• Floodplain

      1. Isn’t that just like fathers who find out in a paternity test that the baby isn’t his, but still choose to raise it anyways?

    • Peter Twieg

      The point of Tyler bringing up his step-daughter was to illustrate that many of the arguments being leveled against Bryan for wanting a 100%-similar offspring could also be leveled to a lesser extent to those who have preferences for 50%-similar offspring.

  • Jeffrey Soreff

    Hmm – you want to use a market to evaluate the popular acceptance
    of a technology that hasn’t been debugged yet (current artificial
    mammalian clones tend to be unhealthy), which might never be
    applied to humans (if ems/uploads happened first, will there be much
    interest in biological human clones?), and which could have a great
    deal of heterogenity in the popular reaction? That could make
    commodity futures look rock solid by comparison… The hypothesis
    that having a thousand artificial clones (to distinguish from identical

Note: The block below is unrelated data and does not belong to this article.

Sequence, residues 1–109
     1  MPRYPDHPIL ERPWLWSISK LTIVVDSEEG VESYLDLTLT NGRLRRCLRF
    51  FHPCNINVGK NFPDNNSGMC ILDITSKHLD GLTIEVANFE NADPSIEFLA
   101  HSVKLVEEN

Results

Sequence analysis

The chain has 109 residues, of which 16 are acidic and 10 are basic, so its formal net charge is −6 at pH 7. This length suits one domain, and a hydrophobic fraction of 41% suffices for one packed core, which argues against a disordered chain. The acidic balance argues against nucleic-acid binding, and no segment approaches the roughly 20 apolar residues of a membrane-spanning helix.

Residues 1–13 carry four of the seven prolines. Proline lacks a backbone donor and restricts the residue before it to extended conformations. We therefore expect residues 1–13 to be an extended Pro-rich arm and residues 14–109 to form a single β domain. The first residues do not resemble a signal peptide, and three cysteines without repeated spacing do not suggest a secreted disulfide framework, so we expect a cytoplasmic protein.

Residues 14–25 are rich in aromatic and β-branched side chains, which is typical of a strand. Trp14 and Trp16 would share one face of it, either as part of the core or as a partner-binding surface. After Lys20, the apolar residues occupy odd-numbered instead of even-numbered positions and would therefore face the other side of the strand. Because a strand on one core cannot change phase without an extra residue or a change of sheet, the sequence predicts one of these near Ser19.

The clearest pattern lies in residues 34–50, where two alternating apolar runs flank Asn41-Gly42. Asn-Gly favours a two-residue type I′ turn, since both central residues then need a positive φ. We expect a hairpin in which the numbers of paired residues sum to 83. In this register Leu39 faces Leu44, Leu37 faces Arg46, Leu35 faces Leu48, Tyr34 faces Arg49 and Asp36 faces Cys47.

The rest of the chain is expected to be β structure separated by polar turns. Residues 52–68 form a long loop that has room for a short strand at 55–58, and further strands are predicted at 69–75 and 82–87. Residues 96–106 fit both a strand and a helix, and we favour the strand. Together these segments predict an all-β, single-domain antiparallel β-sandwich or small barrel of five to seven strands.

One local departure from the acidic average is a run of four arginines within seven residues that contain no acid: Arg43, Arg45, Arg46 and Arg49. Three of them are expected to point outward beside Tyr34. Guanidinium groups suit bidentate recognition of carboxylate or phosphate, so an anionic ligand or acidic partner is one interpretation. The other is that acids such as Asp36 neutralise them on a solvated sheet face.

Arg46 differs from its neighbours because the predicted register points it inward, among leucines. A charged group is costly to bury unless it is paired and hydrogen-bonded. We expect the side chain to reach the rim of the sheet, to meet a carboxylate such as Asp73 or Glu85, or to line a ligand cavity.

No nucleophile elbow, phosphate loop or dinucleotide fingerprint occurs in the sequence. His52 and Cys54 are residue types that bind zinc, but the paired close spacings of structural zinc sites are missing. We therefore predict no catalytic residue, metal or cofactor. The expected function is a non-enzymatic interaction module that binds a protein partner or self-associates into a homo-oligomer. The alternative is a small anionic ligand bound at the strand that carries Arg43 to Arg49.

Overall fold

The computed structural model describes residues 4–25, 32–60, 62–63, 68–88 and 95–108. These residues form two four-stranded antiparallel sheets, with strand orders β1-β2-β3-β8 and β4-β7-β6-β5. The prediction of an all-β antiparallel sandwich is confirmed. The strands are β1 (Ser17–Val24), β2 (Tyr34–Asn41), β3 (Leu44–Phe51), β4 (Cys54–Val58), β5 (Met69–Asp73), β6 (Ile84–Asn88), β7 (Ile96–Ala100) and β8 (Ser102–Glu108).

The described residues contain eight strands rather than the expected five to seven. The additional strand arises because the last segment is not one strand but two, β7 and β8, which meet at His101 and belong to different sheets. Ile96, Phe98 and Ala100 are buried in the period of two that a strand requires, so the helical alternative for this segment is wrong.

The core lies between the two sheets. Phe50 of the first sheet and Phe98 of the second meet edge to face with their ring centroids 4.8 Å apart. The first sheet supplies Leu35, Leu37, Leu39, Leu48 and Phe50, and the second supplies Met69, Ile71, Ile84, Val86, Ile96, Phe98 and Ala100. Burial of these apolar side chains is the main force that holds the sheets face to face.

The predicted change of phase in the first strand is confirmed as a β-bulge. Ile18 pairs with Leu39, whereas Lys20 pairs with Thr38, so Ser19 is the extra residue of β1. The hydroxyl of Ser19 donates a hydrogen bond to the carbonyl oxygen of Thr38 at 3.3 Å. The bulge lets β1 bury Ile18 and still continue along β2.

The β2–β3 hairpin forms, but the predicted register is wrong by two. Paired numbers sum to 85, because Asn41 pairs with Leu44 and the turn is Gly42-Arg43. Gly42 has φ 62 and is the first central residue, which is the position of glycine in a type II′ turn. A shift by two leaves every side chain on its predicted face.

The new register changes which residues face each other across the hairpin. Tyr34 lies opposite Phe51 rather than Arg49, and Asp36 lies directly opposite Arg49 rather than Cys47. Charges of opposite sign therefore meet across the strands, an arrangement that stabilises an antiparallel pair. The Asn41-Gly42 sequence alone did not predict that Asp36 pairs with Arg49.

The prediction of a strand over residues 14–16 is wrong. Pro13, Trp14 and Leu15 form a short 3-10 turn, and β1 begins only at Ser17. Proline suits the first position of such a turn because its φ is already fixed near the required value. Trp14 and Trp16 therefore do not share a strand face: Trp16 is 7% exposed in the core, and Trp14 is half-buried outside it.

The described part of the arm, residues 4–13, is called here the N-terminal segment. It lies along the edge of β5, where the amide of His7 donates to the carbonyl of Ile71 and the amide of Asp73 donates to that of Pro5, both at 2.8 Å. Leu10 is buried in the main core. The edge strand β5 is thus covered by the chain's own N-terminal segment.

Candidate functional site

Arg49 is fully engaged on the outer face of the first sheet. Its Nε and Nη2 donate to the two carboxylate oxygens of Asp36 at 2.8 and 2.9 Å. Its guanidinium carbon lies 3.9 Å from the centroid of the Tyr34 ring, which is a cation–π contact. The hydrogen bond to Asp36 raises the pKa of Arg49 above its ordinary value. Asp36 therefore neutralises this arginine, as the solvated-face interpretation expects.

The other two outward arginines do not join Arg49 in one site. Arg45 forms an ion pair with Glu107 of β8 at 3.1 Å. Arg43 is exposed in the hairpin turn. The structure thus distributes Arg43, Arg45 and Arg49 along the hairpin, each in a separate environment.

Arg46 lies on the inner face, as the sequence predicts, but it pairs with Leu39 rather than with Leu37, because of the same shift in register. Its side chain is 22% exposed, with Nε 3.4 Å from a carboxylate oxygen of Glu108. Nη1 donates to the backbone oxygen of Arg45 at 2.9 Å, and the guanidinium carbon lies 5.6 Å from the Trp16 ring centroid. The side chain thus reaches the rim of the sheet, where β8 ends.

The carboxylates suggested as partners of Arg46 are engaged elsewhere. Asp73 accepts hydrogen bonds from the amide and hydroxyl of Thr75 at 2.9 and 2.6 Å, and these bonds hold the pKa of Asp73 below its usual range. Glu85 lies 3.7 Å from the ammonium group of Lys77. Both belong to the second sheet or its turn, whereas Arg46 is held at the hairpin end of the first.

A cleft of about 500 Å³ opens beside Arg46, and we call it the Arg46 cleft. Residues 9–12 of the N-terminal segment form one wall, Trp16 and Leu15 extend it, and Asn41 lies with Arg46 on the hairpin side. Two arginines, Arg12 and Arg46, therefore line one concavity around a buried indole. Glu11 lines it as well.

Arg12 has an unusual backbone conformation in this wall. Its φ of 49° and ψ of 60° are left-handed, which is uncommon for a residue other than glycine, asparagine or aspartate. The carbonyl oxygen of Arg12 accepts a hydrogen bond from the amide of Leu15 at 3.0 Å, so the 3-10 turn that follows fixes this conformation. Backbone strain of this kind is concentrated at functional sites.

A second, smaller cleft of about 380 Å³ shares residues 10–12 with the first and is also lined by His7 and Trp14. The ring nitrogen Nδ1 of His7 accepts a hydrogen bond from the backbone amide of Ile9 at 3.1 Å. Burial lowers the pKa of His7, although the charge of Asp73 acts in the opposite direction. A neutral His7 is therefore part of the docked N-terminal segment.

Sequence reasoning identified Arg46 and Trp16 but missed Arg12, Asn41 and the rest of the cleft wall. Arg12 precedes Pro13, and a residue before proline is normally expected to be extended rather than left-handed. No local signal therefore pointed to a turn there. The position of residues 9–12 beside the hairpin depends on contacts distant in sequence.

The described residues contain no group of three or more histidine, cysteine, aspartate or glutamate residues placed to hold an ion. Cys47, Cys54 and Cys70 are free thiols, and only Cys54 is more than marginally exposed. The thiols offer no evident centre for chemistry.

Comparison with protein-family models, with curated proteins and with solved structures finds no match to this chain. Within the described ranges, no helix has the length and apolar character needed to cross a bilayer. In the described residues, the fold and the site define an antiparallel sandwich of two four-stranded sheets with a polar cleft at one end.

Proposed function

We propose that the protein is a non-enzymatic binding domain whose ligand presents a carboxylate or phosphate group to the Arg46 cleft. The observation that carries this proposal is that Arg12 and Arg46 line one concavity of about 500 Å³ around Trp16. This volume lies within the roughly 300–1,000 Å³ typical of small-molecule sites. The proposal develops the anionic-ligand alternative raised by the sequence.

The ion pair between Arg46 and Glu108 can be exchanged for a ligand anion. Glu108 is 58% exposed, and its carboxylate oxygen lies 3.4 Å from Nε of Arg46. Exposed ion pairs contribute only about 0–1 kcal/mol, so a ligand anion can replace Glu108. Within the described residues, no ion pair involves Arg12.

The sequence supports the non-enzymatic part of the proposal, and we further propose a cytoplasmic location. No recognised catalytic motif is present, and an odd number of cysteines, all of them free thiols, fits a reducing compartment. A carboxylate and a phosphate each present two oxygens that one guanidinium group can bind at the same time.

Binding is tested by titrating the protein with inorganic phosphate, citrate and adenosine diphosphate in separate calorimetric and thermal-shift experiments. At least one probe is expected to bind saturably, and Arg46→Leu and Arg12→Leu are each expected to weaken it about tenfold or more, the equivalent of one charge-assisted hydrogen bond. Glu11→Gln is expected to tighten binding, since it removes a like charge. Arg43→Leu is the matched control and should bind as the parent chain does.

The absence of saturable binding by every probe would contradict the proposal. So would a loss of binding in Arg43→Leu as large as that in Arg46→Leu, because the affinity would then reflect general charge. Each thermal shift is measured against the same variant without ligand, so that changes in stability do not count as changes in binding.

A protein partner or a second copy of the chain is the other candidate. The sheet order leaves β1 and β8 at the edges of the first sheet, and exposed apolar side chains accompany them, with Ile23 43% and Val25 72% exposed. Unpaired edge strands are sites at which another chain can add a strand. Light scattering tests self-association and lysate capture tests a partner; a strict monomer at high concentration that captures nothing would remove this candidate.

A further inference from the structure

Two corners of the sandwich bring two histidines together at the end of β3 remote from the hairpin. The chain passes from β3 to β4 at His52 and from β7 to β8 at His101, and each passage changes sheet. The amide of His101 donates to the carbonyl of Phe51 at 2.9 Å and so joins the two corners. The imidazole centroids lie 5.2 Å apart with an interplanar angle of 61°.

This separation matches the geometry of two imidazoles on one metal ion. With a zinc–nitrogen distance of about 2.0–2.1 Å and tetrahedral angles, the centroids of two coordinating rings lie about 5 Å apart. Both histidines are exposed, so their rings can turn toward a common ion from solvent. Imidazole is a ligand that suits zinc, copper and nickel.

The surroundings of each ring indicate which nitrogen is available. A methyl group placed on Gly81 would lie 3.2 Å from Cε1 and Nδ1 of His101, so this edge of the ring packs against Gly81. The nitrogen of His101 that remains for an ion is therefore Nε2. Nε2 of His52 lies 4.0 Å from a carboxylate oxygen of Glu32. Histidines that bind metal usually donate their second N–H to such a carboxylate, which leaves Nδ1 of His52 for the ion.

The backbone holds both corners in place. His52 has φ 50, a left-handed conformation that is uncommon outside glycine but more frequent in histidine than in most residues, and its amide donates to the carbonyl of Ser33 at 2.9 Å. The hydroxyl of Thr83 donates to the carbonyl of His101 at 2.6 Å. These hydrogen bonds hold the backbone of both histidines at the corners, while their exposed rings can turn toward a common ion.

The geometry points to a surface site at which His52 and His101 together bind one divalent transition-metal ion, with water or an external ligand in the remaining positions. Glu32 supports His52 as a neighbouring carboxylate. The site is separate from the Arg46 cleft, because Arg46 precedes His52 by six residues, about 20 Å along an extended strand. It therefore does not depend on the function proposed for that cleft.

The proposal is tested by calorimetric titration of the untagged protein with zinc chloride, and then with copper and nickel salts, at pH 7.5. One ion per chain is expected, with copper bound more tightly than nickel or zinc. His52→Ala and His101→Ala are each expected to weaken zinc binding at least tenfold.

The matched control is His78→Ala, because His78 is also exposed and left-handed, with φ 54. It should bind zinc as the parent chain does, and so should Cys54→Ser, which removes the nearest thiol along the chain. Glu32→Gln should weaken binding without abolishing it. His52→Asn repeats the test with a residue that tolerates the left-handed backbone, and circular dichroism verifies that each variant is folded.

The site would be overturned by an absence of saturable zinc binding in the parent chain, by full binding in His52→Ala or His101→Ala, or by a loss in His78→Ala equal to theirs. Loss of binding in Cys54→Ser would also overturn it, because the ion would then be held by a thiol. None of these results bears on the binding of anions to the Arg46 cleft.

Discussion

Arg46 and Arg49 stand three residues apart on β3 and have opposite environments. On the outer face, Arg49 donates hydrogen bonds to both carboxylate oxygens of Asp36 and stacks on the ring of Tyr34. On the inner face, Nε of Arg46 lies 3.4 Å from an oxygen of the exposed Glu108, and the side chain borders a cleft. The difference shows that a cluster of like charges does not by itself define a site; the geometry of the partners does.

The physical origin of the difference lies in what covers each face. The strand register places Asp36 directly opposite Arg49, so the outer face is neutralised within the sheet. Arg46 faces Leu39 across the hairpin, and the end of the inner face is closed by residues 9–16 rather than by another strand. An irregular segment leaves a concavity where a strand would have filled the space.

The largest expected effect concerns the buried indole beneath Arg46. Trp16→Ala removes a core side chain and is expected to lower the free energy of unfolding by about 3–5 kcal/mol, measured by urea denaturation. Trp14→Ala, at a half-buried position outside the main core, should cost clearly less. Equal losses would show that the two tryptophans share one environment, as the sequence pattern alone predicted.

twins) walking around might make them widely accepted might well
    be true – but it could easily depend on umpteen details (how low can
    the birth defect rate be pushed?, what is the gender ratio of the
    people opting for cloning? are families with cloned kids more stable
    or less stable than traditional ones?) – none of which we’ll know, or the
    general populace will know, till the technology is actually deployed.

    • gwern

      Jeffrey: you’re unduly pessimistic about how hard this is.

      The Dolly approach of taking an adult cell, etc. etc. etc. is about the hardest way to do it. There are much easier ways to do it.

      For example, here’s how we could be doing it right now: take an egg, fertilize it in a tube IVF-style, split the blastocyst in twain; if implanted, this would probably become a twin, but our mad scientist instead freezes one half, and implants the other. That implanted blastocyst grows up, and 30 years later, has the frozen one implanted into a surrogate/his wife. The delayed one pops out, a genetic replica of the original.

      No issues about health, aside from the deep-freezing. No aging issues. Straightforward current consumer-level technology. Its only downside compared to the Dolly approach is that it requires considerable foresight and time investment. But the result is the same: one infant with DNA xyz, one adult with DNA xyz.

      • Jeffrey Soreff